The sun is shining, the birds are chirping, and the agents are drinking. It's upfronts season in New York! This is the week the broadcast networks throw fancy parties to announce the new shows they'll be canceling in a few months and celebrate the returning veterans whose survival was brokered through a bruising backroom combination of studio strong-arming, dumb luck, and blind optimism. Over the next few days I'll be posting my thoughts on all of the announcements, with the giant caveat that I haven't yet actually seen any of the new shows in question. Which isn't such a big deal because, odds are, you won't be seeing them for very long either.
Next up: Fox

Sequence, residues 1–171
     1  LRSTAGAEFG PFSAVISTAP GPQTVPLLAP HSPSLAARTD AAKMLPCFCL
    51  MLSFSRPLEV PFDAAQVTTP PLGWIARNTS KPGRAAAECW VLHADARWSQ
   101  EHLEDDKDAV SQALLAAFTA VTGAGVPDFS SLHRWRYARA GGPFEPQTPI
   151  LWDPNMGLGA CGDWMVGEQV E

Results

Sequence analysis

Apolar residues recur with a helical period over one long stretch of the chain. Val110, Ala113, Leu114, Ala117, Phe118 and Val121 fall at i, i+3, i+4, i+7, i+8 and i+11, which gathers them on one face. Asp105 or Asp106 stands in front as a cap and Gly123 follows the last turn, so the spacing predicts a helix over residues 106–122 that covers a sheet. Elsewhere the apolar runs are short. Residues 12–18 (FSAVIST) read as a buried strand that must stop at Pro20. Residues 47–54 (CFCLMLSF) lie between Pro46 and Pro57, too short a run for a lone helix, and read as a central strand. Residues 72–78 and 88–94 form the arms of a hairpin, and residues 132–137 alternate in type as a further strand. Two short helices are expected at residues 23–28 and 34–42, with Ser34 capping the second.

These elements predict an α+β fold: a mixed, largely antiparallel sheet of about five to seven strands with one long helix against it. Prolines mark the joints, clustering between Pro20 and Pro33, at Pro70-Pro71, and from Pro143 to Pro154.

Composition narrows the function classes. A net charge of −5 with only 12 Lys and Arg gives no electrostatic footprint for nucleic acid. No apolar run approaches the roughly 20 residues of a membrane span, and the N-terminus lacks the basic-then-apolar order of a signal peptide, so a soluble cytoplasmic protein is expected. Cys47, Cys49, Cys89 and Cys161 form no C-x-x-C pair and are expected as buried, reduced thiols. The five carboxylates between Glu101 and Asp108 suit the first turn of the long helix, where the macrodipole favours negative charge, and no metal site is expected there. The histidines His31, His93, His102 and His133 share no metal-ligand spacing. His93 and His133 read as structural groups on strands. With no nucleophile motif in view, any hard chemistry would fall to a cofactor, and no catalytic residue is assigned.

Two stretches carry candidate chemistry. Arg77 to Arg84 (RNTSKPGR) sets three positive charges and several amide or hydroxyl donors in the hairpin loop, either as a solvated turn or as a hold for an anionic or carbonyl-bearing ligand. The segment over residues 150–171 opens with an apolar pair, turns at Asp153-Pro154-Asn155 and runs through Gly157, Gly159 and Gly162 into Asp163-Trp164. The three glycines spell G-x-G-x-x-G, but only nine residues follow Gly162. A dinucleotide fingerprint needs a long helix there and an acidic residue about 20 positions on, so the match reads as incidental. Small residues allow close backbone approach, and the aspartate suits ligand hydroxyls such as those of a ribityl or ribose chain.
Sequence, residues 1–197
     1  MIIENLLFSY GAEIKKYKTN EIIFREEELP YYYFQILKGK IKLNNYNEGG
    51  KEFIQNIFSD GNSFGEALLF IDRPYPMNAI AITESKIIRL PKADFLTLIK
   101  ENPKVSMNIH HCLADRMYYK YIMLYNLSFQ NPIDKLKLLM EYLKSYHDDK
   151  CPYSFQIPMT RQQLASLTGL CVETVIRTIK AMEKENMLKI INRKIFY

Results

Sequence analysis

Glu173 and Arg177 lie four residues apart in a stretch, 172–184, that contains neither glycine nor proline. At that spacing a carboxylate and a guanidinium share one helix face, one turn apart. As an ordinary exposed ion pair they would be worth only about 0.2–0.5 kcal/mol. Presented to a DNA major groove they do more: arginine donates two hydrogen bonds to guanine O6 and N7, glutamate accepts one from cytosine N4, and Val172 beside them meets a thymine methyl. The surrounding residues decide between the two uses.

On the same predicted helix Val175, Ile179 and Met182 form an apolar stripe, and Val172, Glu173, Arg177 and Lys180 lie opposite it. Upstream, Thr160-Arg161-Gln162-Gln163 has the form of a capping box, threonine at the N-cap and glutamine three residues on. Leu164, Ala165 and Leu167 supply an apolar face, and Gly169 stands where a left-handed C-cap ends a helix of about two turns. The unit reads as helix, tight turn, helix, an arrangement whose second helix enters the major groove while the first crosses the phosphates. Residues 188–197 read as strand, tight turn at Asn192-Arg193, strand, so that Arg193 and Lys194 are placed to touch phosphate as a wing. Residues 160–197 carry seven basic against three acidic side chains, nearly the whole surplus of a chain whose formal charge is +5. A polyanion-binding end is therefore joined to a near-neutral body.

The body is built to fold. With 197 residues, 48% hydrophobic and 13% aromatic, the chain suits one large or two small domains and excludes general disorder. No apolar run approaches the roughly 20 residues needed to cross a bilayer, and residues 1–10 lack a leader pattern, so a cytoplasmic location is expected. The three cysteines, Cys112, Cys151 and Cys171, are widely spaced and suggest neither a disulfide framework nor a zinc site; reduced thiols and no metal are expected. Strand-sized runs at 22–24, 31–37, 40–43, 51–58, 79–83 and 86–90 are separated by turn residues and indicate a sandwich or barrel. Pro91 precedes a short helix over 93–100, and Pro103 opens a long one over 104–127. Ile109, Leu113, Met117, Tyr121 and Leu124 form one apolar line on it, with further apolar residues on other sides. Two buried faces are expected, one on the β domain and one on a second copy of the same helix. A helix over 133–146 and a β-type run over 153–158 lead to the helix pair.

Fox established itself in the '80s by acting brash, but it's only in the past few seasons that it began to seem cocky. Aided, as always, by its reduced schedule (Fox programs six fewer hours per week than its competitors), abetted by the stability of its Sunday-night animation block, and rocket-fueled by the dominant presence of American Idol — a ratings brontosaurus in a post-meteor world — Fox was able to take chances, make mistakes, and still come out on top. Not in terms of total viewers, of course — CBS owns that metric like its viewers own Life Alert alarms — but in terms of the much coveted 18-to-49-year-old demographic. When network chairman Kevin Reilly successfully launched New Girl in 2011, he was not only thumbing his nose at his former employers at NBC (New Girl is precisely the kind of smart, urban single-cam sitcom that the Peacock used to make hay with), he was suggesting that Fox's brand was no longer a savvy mix of action-packed hours, reality singing, and general coarseness. He was suggesting that Fox's new brand was success.